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Event Article:

Finding Treasure in the form of big Lahontan Cutthroat Trout at Pyramid Lake, Nevada (continued)

The beaches were vacant and nobody was fishing them, it didn’t inspire a lot of confidence but we had inside information right? At least that was what I was telling myself as I waded into the cold water. We spent the next two hours casting spoons and AC Plug swimbaits that were customized just for Pyramid with not so much as a tick.

Cal wades out further to extend his casting distance, it is important to test the area in front of you as changes in depth are sudden

Mark explained to us that fish at Pyramid don’t usually hold in one spot, instead they cruise the edges looking for food, and often hookups will come in flurries. That is why anglers will sit on one spot all day making the same cast over and over again. It is important to put the lure in front of the fish when they are present, and at times that may mean making countless casts when the fish are not around.

Cal is rewarded with a colorful seven pound buck

The lures we were using were either green or yellow, and all were massive at 1-4oz., a far cry from what we were used to fishing for trout. We decided to make a slight move and find clearer water, and walked further down the rocky beach. We found an area where there was a clearly visible drop off, and proceeded to wade out into the water a safe distance where we could reach the drop with our casts. It wasn’t more than ten minutes before I saw a huge shadow chase my green spoon all the way back to within three feet of the tip of my rod. “What the heck was that?” I exclaimed. “Sometimes they will do that,” Mark replied. “They love to chase, but will not always take the bait, vary your retrieve a little but get it back out there! Usually when there is one follower there are others.”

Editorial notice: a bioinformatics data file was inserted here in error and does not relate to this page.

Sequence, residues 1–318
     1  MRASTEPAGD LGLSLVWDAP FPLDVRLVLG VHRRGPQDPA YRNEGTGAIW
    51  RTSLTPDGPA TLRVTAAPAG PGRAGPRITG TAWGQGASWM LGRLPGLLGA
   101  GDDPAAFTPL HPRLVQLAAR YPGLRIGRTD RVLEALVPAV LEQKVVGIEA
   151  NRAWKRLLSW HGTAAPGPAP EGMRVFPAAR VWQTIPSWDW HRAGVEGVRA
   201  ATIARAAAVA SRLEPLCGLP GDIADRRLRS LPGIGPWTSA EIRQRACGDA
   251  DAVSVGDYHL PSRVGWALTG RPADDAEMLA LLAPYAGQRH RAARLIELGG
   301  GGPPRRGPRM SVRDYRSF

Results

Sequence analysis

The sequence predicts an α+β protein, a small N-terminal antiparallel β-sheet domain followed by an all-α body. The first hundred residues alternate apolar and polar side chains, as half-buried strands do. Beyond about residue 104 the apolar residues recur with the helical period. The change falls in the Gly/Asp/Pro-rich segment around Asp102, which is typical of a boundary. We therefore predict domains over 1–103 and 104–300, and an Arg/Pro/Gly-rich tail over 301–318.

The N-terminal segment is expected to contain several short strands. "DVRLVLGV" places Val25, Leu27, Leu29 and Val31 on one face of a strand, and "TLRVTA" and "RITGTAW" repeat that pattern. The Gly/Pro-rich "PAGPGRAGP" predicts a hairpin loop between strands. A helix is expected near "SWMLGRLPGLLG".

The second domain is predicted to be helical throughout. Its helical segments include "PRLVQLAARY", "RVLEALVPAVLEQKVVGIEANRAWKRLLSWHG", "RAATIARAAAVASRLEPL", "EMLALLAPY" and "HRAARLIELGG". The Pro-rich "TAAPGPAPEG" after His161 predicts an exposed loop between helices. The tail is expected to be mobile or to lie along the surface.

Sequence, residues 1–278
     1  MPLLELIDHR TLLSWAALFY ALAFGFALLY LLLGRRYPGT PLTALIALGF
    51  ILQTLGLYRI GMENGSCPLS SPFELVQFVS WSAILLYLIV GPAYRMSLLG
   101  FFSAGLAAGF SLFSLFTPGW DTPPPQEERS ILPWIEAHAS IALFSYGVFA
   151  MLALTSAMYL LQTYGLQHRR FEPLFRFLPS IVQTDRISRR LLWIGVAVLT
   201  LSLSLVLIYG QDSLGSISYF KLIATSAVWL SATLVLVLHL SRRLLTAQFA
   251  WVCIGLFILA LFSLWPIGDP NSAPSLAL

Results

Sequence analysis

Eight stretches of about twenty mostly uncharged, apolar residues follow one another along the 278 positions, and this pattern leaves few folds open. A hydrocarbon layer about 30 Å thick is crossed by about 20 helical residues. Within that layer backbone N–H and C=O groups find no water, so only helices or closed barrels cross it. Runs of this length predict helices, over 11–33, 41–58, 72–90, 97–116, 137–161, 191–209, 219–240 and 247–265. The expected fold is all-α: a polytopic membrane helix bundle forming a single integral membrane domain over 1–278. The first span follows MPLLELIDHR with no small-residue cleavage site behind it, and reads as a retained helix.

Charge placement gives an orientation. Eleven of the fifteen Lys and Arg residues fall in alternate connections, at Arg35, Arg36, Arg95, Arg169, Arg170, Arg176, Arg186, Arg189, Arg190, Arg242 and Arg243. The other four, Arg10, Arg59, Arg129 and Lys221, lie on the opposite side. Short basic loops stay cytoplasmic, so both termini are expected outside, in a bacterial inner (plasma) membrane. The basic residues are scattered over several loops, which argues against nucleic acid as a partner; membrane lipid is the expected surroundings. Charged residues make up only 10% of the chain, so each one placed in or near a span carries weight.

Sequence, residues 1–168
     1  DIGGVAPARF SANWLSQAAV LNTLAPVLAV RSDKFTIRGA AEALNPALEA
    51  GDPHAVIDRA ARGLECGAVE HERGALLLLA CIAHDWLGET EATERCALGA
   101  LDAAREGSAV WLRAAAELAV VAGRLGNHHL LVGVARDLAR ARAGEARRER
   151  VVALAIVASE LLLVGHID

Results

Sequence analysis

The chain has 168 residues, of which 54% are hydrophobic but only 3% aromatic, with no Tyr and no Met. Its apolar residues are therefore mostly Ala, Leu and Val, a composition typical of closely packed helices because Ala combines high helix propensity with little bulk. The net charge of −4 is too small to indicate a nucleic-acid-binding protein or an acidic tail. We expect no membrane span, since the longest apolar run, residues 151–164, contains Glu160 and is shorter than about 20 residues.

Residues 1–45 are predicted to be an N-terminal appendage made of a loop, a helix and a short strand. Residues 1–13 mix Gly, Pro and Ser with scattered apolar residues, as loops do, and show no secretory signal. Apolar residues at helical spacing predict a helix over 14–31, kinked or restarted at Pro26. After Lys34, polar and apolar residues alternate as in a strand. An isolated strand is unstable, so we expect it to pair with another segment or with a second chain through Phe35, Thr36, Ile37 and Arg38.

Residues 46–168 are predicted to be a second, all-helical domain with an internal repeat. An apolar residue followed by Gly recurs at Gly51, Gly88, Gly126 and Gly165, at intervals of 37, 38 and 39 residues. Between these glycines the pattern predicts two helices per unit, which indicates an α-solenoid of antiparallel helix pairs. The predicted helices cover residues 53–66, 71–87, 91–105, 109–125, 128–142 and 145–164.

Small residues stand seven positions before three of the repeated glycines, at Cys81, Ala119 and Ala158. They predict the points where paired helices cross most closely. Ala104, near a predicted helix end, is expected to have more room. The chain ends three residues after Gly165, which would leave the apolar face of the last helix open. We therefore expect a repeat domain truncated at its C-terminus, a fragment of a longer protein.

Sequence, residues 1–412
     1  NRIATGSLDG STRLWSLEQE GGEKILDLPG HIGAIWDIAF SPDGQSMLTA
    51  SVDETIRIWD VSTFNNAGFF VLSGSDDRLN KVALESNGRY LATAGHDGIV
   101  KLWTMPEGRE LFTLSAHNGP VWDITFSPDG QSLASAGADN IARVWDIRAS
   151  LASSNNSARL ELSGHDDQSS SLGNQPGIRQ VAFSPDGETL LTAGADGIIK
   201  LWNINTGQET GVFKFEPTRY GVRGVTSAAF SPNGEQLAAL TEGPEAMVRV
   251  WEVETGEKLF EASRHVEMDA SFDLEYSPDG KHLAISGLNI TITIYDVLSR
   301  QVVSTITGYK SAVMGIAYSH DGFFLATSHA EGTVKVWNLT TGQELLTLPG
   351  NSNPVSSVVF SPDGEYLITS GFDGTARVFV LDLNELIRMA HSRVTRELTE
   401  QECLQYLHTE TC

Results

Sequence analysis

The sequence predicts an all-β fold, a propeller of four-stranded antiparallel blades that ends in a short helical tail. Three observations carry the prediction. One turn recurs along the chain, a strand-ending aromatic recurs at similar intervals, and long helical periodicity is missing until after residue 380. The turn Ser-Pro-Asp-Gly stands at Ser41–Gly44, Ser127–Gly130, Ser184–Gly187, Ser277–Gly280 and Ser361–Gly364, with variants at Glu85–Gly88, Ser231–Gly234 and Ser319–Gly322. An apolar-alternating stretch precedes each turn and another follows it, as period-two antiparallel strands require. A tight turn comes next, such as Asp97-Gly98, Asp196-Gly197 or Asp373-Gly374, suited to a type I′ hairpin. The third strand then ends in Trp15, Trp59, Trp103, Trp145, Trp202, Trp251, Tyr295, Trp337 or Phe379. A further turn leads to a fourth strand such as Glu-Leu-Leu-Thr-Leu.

Back into the water

I didn’t wait another minute and cast my spoon back out as far as I could and started my retrieve. Sure enough there was a strike but it didn’t stick, no more than three cranks later on the Curado E5 did I get another strike and this time the fish was finally on. The fish put up a good fight, and while there were no aerial acrobatics there was plenty of head shaking. When we finally got the fish out of the net I was in awe of how pretty the four pound female Cutthroat was. My first Lahontan Cutthroat had me hooked, and the minute after I returned her back into the cold water I was back to casting.

Another brightly colored 1oz. spoon, a lot of the colors we used at Pyramid are quite unlike anything we would normally use for trout in the California lakes we are accustomed to

As Mark continued to search for big fish with his AC Plug swimbait Cal switched to the same spoon I was using and waded further out to get closer to the shelf. It is important to test the ground in front of you as wade, as the drop offs at Pyramid can be quite sudden, and swamping your waders in a deep drop can be extremely dangerous. Cal worked the ledge for about thirty minutes when he got a massive strike and proceeded to land a beautiful seven pound buck. The males are much more orange in color than the silvery hens, and the mature bucks will exhibit a pronounced hook jaw.

Swinging for the fences Mark stays committed to throwing the swimbaits


Next Section: The final fish count 










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